Responding to India’s concerns about its projects in Pakistan-Occupied Kashmir (PoK), the Chinese government suggested on Thursday that it was a matter for India and Pakistan to resolve and that China had no reason to change its policies on Kashmir.

India had on Wednesday called on China to “cease activities in areas illegally occupied by Pakistan.” This followed a commitment made by Chinese President Hu Jintao to Pakistani Prime Minister Yusuf Raza Gilani in Beijing on Tuesday that China would continue to provide assistance in upgrading the Karakoram Highway and building the Neelam-Jhelum hydroelectric project in PoK.

Asked about India’s objections, a spokesperson at the Chinese Foreign Ministry told The Hindu that China’s position was that the Kashmir issue had to be settled “between India and Pakistan” and that China’s position had been “consistent.” The Chinese Foreign Ministry refused to answer questions on whether Beijing had been in communication with New Delhi regarding India’s concerns.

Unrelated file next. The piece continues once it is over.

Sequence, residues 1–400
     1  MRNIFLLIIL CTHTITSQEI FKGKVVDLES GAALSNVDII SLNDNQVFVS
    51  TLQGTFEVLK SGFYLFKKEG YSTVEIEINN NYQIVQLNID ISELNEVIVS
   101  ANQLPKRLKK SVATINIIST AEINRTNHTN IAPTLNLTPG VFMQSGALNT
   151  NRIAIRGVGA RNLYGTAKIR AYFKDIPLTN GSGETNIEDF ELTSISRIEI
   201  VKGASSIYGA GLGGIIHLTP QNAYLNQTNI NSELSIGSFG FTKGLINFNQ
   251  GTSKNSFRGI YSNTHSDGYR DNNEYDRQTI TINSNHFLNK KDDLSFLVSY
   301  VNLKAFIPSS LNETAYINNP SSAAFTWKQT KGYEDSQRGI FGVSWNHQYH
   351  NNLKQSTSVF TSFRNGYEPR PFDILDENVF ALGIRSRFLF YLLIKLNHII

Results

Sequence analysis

The spokesperson said: “The Kashmir issue is a matter left over from history. It should be settled properly through dialogue and consultation between India and Pakistan, and China’s position has been consistent.”

China’s presence in PoK has grown in recent years, and the country is currently involved in several infrastructure projects in the disputed region.

Highway project

China and Pakistan signed a deal in 2006 to upgrade the Karakoram Highway, which runs from the trading city of Kashgar in China’s far western Xinjiang region to Gilgit in Pakistan and on to Islamabad. Once the project is completed, the transport capacity of the strategically significant highway will have increased threefold.

China and Pakistan are also working to strengthen the highway to increase its operationality in adverse weather conditions — the highway is currently closed for around six months every year in the winter.

In August, during Pakistan President Asif Ali Zardari’s visit to southern China, the two countries signed a deal to work together to build a 7,000 MW hydro power project in Bunji, also in PoK. Mr. Zardari also sought Chinese assistance and invited companies to help develop hydel and thermal projects in the region.

Indian Foreign Office spokesman Vishnu Prakash said on Wednesday that Beijing was fully aware of India’s concerns about these projects, and had asked China to take a “long term view” of relations between the two countries and to stop activities in PoK.

But for now, it seems unlikely that China will change its policies on providing assistance to Pakistan’s projects in the disputed region.

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